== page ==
As the Bangkok Post noted, the more than 49,000 residents in areas surrounding Map Ta Phut received no warnings about the industrial accidents. They were not told if it was safe to remain in the region or if they should evacuate. In fact, details about the toxic chemicals released during the accidents were not even immediately provided to community members.

Leaving residents in the dark about the dangers they faced undeniably threatened their health. But what would have happened if community members already had information about the chemicals regularly used and emitted by Map Ta Phut’s industries? What if they understood the risks of being exposed to these chemicals and how to cope with these dangers should accidents happen? Would having easy access to information about the industrial estate help them protect themselves from industrial accidents and pollution?

Case Study: Communicating Modeled Information for Adaptation Decision Making

By examining the HighNoon project in north India, this case study explores how adaptation-relevant information can best be packaged and disseminated to different users and audiences at the state, district, and block levels. It also explores what kinds of information are of most interest to...

Open Government Partnership: African Nations Commit to New Levels of Transparency

This post was co-written with Gilbert Sendugwa, Coordinator and Head of Secretariat for the Africa Freedom of Information Centre.

The Open Government Partnership (OGP) boasts some pretty lofty and much-needed goals. The global initiative aims to secure concrete commitments from governments to promote transparency, empower citizens, fight corruption, and harness new technologies to strengthen governance. It was officially launched September 20, 2011 by eight founding governments: Brazil, Indonesia, Mexico, Norway, Philippines, South Africa, United Kingdom, and United States.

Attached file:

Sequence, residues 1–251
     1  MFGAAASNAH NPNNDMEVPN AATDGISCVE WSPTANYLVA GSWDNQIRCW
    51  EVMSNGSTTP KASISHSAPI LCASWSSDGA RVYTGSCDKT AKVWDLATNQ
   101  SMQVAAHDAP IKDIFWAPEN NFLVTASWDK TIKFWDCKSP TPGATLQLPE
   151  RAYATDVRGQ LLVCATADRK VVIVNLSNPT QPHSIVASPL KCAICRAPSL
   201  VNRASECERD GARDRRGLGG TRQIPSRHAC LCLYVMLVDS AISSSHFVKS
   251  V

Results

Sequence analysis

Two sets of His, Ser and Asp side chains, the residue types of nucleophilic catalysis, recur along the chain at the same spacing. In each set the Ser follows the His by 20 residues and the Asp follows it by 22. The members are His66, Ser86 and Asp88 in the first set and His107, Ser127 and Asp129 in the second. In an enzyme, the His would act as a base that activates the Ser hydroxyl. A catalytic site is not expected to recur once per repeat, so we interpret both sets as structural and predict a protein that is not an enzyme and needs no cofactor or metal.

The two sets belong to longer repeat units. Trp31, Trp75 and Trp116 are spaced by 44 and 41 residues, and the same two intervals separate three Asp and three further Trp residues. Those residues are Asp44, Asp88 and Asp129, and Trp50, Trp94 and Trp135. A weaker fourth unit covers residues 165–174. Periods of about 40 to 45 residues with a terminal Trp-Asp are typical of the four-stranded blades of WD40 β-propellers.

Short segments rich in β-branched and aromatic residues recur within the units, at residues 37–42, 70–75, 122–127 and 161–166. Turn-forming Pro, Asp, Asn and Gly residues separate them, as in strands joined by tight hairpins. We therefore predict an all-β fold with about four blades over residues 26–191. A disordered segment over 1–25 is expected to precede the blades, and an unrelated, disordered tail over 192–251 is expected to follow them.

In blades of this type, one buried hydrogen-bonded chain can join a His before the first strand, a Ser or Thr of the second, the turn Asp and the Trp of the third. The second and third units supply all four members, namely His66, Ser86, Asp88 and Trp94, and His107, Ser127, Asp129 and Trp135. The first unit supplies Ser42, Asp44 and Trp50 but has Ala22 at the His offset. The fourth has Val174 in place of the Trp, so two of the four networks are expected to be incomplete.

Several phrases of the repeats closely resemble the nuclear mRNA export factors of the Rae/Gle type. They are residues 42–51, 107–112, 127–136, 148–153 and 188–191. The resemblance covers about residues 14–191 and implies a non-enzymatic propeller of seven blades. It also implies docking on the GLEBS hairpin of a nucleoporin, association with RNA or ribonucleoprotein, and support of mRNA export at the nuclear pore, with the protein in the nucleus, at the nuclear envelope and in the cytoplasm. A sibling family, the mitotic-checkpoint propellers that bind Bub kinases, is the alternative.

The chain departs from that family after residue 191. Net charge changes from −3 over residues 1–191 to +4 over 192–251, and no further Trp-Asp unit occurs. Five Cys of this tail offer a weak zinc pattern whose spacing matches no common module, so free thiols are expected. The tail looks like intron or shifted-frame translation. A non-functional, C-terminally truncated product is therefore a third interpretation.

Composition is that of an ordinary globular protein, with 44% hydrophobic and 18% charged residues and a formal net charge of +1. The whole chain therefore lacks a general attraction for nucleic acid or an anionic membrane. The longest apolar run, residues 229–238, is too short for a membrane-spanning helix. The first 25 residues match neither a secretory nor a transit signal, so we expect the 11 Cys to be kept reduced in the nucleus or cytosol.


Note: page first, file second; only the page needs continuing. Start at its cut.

Now that the OGP is nearly one year old, it’s a good time to analyze how it’s faring—most notably in Africa, which has a long history of secrecy in government and lack of effective public participation.

Rio+20 in the Rear View: Countries Commit to Improve Environmental Governance

More than a year ago, U.N. Secretary General Ban Ki-Moon likened Rio+20 to a “free-market revolution for global sustainability,” calling for the event to inspire innovations that move the world toward more sustainable pathways to economic growth and development. Later in the year, U.N. Commission for Sustainable Development Chair, Sha Zukang, explained that the main difference of Rio+20 from earlier conferences “will be the sharp focus on renewing political commitments and on implementation…” Said Sha, “My message is: come to Rio ready to commit.”

The Rio+20 conference wrapped up on June 22nd, so the big question is: Did governments come through with these serious commitments?

Pages

Stay Connected

Sign up for our newsletters

Get our latest commentary, upcoming events, publications, maps and data. Sign up for the weekly WRI Digest.